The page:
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Tuesday, 8 May 2018
Page: 2607


Senator KITCHING (Victoria) (20:36): I want to take this brief opportunity to draw the Senate's attention to a great institution in my home town of Melbourne—an institution which far too few people know about. I'm talking about the Australian National Veteran Arts Museum. I had the opportunity on 24 April to visit the Veteran Arts Museum's most recent exhibition, called March to Art: communitythrough a veteran's eyes, which was presented in the Collins Place Gallery in the heart of Melbourne. I was welcomed by Tanja Johnston, the head of the museum's arts program, who has done so much to bring this exhibition to fruition. I also had the pleasure to meet Sean Burton, the museum's artist-in-residence.

I was impressed by the power and depth of the artworks on display. All of it was the work of veterans, and all of it was expressing their emotions and experiences arising from their deployment in the service of Australia. Several of these artists, such as Geoffrey Jones and Michael Williams, are veterans of the Afghanistan conflict. I have just been to Afghanistan on the ADF Parliamentary Program and seen something of the ADF's ongoing commitment to the future of that country. The artworks I saw gave me an extra insight into the experiences of our personnel in Afghanistan.

The Veteran Arts Museum was established in 2013 and incorporated in April 2015. Its patron is retired Lieutenant General Ash Power, AO, CSC, a distinguished Australian Army veteran who was, at one time, Deputy Chief of Staff of the International Security Assistance Force in Afghanistan. The chairman and director of the museum is Mark Johnston, and the curator of the exhibition was Bruce Copland.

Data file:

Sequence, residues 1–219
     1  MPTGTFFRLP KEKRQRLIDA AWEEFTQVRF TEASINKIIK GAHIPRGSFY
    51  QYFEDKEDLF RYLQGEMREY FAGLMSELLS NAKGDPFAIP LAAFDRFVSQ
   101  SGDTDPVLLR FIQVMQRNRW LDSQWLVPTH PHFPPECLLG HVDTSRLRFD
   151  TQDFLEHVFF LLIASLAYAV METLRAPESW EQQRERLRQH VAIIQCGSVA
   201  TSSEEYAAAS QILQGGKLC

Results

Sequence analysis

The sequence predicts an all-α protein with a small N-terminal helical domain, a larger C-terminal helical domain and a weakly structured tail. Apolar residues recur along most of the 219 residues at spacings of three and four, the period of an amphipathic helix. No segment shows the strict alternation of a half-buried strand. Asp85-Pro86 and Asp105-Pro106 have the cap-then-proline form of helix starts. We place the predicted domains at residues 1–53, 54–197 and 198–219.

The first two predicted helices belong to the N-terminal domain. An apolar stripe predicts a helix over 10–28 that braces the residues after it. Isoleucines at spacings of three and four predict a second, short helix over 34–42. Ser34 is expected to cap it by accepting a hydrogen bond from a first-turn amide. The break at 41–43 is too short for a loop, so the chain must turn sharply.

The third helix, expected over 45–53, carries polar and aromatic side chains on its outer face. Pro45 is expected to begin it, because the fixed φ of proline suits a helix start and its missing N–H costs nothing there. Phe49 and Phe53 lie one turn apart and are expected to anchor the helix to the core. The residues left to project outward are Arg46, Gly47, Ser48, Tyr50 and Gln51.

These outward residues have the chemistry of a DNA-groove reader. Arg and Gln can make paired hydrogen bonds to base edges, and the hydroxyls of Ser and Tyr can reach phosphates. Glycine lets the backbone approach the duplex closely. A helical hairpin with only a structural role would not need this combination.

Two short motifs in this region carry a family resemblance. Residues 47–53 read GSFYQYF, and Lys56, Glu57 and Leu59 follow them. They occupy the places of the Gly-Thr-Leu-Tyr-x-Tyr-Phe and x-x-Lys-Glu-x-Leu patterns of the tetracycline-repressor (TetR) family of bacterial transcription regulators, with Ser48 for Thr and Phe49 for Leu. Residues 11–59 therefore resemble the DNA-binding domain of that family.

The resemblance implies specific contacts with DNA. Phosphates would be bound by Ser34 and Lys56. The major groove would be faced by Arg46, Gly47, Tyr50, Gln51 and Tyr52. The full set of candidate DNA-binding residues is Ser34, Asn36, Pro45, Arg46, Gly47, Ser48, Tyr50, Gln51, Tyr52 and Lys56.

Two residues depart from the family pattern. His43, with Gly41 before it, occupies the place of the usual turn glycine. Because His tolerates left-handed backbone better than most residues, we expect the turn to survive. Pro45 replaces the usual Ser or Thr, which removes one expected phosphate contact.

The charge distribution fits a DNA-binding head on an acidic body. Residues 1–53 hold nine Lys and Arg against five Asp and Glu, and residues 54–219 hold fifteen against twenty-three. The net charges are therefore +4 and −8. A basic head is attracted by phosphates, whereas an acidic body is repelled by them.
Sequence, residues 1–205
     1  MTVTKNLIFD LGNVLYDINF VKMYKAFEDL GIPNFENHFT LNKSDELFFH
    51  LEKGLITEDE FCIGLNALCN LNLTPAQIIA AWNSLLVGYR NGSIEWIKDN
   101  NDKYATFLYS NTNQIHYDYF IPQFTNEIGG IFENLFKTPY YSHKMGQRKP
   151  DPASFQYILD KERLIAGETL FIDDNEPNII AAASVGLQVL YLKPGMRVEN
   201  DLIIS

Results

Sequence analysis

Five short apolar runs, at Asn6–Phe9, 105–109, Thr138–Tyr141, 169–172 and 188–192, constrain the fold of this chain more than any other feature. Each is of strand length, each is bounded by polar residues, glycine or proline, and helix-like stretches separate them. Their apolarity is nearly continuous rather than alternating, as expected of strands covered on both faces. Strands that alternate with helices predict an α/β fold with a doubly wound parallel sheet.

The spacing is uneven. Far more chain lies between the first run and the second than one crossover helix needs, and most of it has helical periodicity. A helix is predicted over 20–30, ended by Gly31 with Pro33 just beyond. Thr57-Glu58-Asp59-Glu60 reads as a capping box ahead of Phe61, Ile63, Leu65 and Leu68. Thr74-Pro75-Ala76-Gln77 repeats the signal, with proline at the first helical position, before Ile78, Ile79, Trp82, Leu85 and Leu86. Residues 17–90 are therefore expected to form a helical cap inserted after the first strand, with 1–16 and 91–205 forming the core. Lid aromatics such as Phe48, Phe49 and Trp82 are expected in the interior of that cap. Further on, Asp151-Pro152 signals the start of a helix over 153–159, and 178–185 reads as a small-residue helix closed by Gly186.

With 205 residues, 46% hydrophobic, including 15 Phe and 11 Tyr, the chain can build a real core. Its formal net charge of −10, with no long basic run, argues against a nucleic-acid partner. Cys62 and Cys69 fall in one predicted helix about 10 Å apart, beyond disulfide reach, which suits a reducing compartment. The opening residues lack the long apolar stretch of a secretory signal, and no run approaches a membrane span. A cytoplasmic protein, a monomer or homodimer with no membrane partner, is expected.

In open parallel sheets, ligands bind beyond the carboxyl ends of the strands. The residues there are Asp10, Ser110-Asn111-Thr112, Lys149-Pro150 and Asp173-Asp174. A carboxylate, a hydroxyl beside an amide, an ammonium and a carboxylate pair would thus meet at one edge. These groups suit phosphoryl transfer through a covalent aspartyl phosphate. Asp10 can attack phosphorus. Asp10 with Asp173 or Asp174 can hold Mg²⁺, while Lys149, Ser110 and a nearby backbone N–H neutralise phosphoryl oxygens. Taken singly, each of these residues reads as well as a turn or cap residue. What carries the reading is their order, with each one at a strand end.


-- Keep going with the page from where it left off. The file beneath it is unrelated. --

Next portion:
The museum was set up in response to the need for community based arts programs to support the wellbeing of former service members. It enables veterans to use the arts as a means of improving or maintaining their health and wellbeing. The museum works closely with veterans organisations and charities in delivering arts engagement and art therapy for veterans and their families.

During my visit I was briefed about the museum's efforts to secure, from the federal government, the heritage listed but sadly neglected and unused Defence property at 310 St Kilda Road, the former Repatriation Commission Outpatient Clinic. This property is in the heart of Melbourne's arts precinct, opposite the Shrine of Remembrance. It's a very fitting location for such a museum and such an endeavour. I fully support the museum's efforts to secure this property as its permanent base. That was a policy which the Leader of the Opposition took to the last election. We heard at Senate estimates in February that negotiations about the future of this property were ongoing, and I will raise this matter again at estimates later this month.

I also took the opportunity to write to the Minister for Veterans' Affairs, the Hon. Darren Chester, in relation to some additional funding for the Australian National Veterans Arts Museum so that the Melbourne exhibition can be exhibited in Canberra, hopefully towards the end of this year. I'm very hopeful that the minister will be able to support such an endeavour.

I want to read just a few of the comments on and responses to the exhibition from those who have attended. On 25 March this year one attendee said:

Absolutely incredible exhibition that is so full of self-expression, passion and emotion. Such an honour to meet some of the beautifully talented artists that created this exhibition. Very much looking forward to seeing more exhibitions.

Another said:

Amazing! Thank you ANVAM! Such important work, so healing.

Another attendee in March this year specifically mentioned the work of one of the artists, saying it:

… would not look out of place in Hosier Lane being Instagrammed around the globe! Great work everyone both on & off the field. Love your work. Very honest and evocative. Thanks, and I hope to see more exhibitions.

Other visitors commented:

Very sad but very powerful stories that have to be told—

Incredible heartfelt stories & works depicting the emotion of all life throws at you.

Great to see the power of art in the lives of veterans—and, as a viewer, to enter their lives too.

I would commend this exhibition, especially if it does come to Canberra. It would be in the vicinity of parliament, so it would be a good thing, I think, for all parliamentarians to see.